All of which makes it clear: when you select a caregiver for your dog, it’s important to leave enough money for your dog’s care, too. But how much should you leave?
A good rule of thumb is to calculate your annual expenditure on your dog, and multiply that by your dog’s life expectancy, then add some extra money for unexpected medical expenses. “You don’t have a crystal ball for what that future will be, and veterinary costs can be incredibly high, depending on the dog’s future health,” Boyd notes. “So I would say, honestly, allot a little more money than you thought, just to cover the bases for care should a medical condition develop.”
And how can owners will money for their pet’s care? Sadly, it’s not legal to leave money directly to a pet, but you have a few other options: you can will the money directly to the designated caregiver, or set up a trust in your pet’s name. Setting up a pet trust will mean that the caregiver must follow your instructions and use the money only for the care of your pet.
Services To Make Sure Your Pet Is Well Cared for After Your Death
Alternatively, you could seek out one of the country’s growing number of programs for pets that outlive their owners—like the Pet Survivor Program at Hopalong Animal Rescue.
At the Pet Survivor Program, staff compile a full dossier of information about participating pets, including their likes and dislikes, medical needs, and the owner’s dream home for them. The owner then gifts $6,000 (or more if they wish) per pet to Hopalong Animal Rescue, in their will. In exchange, Hopalong finds a loving forever home that matches the pet’s needs and preferences, covers all of the pet’s medical bills for the rest of their life, and remains in contact with the new owner, as a third party looking out for the pet.
The great thing about this, Boyd says, is that “it takes away the filter for adopters. A lot of people think twice about adopting a senior pet, because they’re worried about medical issues.” But the Pet Survivor Program “takes away that filter of worrying about veterinary costs, so if they fall in love with a particular dog or cat that has an underlying medical condition or is a senior, they don’t have to say, I just can’t afford it right now.”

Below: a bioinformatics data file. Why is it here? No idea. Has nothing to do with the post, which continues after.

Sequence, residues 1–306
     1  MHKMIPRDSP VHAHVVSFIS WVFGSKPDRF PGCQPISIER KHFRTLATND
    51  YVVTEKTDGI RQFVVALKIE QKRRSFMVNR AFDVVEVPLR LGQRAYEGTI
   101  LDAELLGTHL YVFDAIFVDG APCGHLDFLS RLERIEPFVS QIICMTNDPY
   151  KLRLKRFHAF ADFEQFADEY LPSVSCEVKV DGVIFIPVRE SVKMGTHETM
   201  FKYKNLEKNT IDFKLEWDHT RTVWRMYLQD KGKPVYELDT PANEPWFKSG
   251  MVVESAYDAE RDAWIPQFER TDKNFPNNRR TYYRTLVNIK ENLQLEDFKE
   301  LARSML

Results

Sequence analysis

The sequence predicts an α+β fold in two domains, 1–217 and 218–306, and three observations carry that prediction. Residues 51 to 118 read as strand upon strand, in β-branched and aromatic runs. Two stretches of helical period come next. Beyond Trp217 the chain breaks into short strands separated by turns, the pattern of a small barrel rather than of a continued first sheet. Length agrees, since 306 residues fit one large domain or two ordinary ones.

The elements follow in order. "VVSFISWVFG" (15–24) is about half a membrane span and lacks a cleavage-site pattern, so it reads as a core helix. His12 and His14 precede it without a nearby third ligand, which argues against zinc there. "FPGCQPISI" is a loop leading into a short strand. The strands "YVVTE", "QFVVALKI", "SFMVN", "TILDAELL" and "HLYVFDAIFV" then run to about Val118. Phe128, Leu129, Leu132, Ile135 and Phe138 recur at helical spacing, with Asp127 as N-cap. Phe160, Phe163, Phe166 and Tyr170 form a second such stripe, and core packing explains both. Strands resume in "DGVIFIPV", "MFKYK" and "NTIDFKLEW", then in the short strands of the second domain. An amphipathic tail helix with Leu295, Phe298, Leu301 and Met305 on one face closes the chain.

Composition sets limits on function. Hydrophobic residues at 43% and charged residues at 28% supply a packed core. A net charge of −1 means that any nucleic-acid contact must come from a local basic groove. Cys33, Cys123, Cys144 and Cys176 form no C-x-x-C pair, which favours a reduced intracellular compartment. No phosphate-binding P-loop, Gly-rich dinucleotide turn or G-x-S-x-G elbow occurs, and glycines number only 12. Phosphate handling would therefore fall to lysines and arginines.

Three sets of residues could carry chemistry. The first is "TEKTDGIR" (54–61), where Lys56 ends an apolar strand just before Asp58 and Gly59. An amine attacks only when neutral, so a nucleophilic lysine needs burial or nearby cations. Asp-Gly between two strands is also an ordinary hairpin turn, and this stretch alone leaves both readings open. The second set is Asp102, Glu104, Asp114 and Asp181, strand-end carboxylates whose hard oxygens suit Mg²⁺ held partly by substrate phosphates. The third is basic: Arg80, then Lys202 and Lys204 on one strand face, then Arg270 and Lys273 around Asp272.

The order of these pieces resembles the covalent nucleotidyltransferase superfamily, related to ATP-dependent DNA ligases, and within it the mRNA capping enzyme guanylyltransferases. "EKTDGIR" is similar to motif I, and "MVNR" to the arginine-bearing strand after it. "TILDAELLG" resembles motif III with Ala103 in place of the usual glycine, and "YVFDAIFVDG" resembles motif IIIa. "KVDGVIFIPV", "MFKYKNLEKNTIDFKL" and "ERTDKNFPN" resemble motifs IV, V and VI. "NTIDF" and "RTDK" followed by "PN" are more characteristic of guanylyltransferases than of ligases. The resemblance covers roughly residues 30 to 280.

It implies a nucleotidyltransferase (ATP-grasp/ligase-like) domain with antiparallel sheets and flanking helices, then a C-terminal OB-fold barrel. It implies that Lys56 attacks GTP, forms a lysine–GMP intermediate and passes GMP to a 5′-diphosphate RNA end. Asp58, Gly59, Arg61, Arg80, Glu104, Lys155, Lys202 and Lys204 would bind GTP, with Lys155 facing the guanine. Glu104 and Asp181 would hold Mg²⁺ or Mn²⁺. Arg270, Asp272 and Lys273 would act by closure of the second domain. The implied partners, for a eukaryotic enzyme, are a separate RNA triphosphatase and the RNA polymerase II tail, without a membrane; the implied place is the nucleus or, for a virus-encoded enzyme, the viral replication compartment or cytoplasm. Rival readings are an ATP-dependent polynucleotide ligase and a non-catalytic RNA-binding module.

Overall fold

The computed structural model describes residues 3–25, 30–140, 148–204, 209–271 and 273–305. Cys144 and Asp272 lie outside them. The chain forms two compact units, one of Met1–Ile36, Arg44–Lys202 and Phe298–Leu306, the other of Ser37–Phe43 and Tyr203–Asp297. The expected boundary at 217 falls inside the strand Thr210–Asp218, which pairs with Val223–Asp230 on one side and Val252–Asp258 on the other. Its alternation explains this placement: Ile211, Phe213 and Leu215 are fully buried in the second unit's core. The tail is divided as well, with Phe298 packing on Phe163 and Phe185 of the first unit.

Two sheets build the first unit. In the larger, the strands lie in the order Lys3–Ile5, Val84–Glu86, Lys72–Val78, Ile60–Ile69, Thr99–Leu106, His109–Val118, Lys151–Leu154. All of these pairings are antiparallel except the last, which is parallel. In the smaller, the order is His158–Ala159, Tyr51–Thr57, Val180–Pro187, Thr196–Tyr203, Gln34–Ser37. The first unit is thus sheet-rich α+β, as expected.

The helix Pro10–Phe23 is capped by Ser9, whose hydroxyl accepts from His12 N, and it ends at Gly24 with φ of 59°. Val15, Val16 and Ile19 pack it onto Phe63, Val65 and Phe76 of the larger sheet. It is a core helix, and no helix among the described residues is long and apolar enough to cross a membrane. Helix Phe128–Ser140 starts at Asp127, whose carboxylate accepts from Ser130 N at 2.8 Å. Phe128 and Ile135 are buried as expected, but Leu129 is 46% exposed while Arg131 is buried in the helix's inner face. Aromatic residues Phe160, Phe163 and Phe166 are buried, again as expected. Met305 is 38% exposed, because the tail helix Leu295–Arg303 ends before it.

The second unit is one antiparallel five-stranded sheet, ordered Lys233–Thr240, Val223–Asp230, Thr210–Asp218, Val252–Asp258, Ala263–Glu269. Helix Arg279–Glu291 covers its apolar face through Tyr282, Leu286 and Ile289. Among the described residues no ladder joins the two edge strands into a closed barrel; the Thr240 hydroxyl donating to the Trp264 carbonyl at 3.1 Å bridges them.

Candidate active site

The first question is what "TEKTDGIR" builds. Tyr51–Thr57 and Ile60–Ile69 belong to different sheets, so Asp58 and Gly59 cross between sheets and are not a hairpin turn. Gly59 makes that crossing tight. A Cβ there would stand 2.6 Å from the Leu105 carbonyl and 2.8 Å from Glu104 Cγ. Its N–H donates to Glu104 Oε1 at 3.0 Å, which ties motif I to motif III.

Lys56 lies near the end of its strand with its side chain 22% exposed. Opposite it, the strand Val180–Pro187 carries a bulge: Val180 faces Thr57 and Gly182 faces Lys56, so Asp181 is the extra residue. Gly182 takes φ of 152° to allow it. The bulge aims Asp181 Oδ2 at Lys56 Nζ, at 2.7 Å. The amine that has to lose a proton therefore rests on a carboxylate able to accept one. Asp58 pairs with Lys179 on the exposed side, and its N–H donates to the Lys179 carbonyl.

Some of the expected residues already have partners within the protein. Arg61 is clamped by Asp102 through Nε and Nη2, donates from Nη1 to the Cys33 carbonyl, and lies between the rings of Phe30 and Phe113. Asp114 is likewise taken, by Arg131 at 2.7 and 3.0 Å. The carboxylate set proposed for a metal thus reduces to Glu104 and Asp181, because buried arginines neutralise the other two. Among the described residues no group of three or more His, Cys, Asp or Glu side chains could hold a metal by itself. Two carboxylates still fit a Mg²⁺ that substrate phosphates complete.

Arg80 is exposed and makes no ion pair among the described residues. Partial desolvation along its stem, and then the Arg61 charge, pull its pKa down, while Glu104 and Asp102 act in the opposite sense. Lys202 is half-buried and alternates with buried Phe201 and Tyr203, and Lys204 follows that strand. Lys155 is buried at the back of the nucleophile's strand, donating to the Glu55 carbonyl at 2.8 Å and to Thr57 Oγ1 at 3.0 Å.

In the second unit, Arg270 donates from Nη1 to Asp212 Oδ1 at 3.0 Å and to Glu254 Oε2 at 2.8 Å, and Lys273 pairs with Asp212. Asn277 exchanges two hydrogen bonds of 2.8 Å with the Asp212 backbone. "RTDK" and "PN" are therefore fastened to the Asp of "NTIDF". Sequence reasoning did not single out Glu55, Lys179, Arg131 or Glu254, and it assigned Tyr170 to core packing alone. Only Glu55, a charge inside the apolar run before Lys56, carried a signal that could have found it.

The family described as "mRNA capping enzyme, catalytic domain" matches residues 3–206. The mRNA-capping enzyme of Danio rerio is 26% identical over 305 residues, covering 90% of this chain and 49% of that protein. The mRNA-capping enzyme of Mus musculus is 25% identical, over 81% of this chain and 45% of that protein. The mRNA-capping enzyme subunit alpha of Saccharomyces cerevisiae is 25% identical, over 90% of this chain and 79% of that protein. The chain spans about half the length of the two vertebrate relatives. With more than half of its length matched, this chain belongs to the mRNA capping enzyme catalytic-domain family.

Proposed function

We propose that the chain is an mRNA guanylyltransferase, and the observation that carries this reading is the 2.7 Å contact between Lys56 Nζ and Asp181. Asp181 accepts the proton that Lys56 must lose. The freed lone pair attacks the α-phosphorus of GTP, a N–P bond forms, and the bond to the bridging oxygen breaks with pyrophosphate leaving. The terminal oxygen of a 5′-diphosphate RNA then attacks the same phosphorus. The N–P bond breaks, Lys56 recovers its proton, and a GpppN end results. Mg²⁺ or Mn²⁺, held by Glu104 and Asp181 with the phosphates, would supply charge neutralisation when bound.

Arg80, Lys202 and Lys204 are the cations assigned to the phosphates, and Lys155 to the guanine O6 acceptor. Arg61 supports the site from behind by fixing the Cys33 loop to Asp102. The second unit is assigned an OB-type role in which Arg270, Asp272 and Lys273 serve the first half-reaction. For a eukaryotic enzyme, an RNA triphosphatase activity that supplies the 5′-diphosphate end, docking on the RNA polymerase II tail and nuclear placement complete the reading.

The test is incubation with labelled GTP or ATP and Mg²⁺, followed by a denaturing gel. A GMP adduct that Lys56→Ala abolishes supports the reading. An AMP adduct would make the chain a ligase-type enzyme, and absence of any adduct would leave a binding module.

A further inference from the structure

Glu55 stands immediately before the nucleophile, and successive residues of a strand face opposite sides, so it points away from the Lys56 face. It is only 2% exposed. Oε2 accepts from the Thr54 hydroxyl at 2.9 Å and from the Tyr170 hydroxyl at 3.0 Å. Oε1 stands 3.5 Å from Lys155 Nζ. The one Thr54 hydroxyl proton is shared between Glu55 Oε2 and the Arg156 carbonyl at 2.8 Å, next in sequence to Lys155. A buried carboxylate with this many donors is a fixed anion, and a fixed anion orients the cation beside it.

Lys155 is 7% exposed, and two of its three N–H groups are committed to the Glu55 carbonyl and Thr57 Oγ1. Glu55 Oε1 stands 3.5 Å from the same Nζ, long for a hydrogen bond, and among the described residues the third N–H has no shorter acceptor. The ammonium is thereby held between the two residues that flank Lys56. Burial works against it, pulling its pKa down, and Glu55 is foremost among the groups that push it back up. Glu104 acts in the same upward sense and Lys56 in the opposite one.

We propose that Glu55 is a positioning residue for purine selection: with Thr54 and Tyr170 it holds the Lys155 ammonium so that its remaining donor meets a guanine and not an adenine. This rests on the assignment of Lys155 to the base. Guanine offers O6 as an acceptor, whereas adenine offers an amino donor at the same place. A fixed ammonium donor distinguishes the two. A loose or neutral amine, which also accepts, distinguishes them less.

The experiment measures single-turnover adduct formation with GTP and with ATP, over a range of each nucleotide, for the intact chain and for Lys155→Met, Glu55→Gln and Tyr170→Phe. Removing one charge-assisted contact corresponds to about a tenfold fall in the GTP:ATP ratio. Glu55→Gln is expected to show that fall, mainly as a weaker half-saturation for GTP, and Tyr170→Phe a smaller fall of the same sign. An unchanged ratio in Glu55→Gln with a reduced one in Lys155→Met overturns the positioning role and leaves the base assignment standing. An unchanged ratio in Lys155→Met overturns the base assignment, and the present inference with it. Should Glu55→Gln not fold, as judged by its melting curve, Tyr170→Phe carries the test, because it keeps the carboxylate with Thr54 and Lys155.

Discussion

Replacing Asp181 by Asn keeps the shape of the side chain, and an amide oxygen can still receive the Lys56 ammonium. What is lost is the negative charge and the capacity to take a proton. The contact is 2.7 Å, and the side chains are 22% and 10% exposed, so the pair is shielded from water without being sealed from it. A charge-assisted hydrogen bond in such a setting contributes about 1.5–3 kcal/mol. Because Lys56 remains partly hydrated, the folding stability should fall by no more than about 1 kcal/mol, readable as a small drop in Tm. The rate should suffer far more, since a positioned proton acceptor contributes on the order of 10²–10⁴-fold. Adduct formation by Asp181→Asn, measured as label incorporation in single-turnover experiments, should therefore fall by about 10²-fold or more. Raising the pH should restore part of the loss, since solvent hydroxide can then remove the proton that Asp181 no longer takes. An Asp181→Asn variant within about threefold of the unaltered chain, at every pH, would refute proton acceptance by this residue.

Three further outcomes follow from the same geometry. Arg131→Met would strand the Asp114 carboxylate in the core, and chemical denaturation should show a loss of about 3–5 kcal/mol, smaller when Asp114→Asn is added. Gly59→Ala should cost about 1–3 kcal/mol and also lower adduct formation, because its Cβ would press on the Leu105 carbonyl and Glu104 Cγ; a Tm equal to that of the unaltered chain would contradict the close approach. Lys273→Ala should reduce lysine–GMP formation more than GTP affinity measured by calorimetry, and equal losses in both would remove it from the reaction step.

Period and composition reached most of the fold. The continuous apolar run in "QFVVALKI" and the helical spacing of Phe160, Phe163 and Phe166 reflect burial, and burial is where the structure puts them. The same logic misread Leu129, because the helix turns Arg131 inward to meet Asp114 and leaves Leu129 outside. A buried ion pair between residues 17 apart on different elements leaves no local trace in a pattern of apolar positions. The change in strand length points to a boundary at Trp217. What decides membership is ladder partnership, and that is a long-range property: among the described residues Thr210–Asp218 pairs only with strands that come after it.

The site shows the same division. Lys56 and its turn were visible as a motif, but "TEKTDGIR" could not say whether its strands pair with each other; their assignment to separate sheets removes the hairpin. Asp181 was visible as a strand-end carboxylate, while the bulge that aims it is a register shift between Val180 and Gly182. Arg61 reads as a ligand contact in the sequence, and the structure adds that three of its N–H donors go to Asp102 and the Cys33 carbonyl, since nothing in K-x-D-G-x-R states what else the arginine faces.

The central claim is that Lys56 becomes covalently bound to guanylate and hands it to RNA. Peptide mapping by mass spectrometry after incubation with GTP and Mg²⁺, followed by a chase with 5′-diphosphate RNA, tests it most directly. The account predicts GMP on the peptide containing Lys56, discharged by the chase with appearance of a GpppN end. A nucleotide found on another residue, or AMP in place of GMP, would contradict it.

Hopalong Animal Rescue also pledges that no pet in the Pet Survivor Program will end up at a shelter: they’re placed in a trusted foster home, or directly in a loving forever home that matches the owner’s stipulations. These days, the popularity of the program and Hopalong’s network of thousands of potential adopters mean that most dogs go straight to their forever home.
The Pet Survivor Program is based in Oakland but accepts pets from around the country. To see if a similar program is available in your area, contact your local rescue organizations.
When Should You Choose Your Dog’s Emergency Caregiver?
Boyd encourages all dog owners to consider their pet’s emergency care sooner rather than later. “Many people are shocked to hear that still so many pets wind up in shelters,” she told me. “I can’t tell you how many we see. And you can tell that they were cared for and deeply loved by someone, and because no arrangements were made, they wind up at your local city shelter.”
Since there’s no knowing what tomorrow holds, the best time to prepare for your dog’s comfortable, loving life after your death is right now.